How to Minimize Soil Compaction During Harvest

October 11, 2018
ICM News

Rain events during September and October have created challenging conditions not only for timely harvest of corn and soybean crops but also for the impact harvest will have on the soil. These wet conditions coupled with a drop in air temperature will slow harvest operations. Soils are too wet for traffic from heavy equipment, making them susceptible to compaction during harvest operations. When soils are near saturated conditions, heavy equipment loads weaken soil structure where water works as lubricant, leading to the collapse of soil aggregates. This will cause significant surface compaction, rutting, and deep subsoil compaction.

Damage from soil compaction can have significant impact on water infiltration, root development, and ultimately grain yield the following season. It is generally estimated that yield loss due to soil compaction caused by wheel traffic ranges between 10-20% depending on the extent of soil compaction experienced. Over the past decade the size of Iowa farms has increased, leading to larger and heavier equipment. An axle load from a 12-row combine with full grain tank is estimated at 26 tons/axle and a single-axle fully loaded grain cart is estimated at 22 tons/axle.

Avoiding field conditions prone to soil compaction will likely be unavoidable this fall as farmers make an effort to get grain harvested without further field pre-harvest yield losses and worsening grain quality. Soil compaction will be worse the wetter the soil conditions are. Care should be taken to avoid wet and near saturated soil conditions; ideally, field operations would be delayed until soil water is below field capacity. Tillage energy, time, and costs could increase a hundredfold to remediate excessively compacted soils during harvest operations.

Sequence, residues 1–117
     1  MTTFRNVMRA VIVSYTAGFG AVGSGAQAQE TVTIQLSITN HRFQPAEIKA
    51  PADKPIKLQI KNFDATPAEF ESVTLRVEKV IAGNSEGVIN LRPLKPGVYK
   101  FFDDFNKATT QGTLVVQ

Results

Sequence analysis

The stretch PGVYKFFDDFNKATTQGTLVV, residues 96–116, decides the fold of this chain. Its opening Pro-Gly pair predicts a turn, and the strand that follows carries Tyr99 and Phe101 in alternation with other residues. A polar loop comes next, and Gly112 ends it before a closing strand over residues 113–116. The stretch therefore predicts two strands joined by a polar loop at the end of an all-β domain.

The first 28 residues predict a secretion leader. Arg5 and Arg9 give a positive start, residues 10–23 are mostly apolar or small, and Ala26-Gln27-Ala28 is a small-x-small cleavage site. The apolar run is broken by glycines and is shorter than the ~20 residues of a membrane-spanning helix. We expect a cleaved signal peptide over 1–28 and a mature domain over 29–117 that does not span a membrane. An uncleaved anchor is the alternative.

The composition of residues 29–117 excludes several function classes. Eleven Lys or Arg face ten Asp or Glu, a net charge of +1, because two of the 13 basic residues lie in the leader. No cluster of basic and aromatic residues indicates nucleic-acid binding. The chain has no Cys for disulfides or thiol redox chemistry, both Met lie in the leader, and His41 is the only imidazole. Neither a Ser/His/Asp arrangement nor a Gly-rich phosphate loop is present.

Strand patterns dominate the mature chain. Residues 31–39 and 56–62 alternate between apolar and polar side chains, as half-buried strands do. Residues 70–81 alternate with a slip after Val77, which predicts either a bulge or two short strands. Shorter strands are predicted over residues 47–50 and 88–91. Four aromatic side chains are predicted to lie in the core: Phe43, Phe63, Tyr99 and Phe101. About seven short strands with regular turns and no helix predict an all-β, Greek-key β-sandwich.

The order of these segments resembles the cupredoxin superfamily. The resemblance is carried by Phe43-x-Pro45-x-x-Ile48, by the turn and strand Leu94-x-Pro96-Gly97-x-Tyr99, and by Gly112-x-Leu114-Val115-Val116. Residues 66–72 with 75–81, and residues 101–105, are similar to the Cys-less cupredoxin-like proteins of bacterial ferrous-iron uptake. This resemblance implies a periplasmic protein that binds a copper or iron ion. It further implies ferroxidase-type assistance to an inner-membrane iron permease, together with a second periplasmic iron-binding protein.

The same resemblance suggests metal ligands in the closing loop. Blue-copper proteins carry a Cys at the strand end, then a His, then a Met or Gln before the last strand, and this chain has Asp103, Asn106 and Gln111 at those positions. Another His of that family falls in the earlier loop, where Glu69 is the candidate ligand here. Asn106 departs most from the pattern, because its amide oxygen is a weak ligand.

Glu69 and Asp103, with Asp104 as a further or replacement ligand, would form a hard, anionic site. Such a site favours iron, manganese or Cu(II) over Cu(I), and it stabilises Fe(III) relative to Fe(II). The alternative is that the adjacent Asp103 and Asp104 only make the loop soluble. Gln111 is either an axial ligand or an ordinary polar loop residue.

Ruts made when harvesting soybean under saturated soil conditions.

Tips to minimize soil compaction during and after harvest

  1. Dedicated travel lanes. Many combine operators use “on-the-go” unloading into a grain cart to speed harvest. In areas that have received excessive rainfall since Sept. 1, farmers may want to consider having dedicated travel lanes for the grain cart. It has been documented that 60-80% of soil compaction occurs from the first wheel passes, subsequent field operations account for a much smaller amount of compaction.
  2. Don’t run at full capacity. Reduce the axle loads of both the combine and grain carts by not loading them to full capacity. This may not be an attractive option in high-yielding cornfields and where harvest has already been delayed. This is much easier to implement in soybean where the grain volume is much less than corn. A compromise may be to try and keep axle loads lower in the far reaches of fields and achieve the highest axle loads (full capacity) nearest the end rows where grain will be transported out of the field.
  3. Tire size and inflation pressure. Use appropriate tire sizes for the conditions and adjust tire air pressure to match the axle load being carried. Larger tires with lower air pressure provide more surface area, allow for better flotation, and reduced pressure on the soil surface.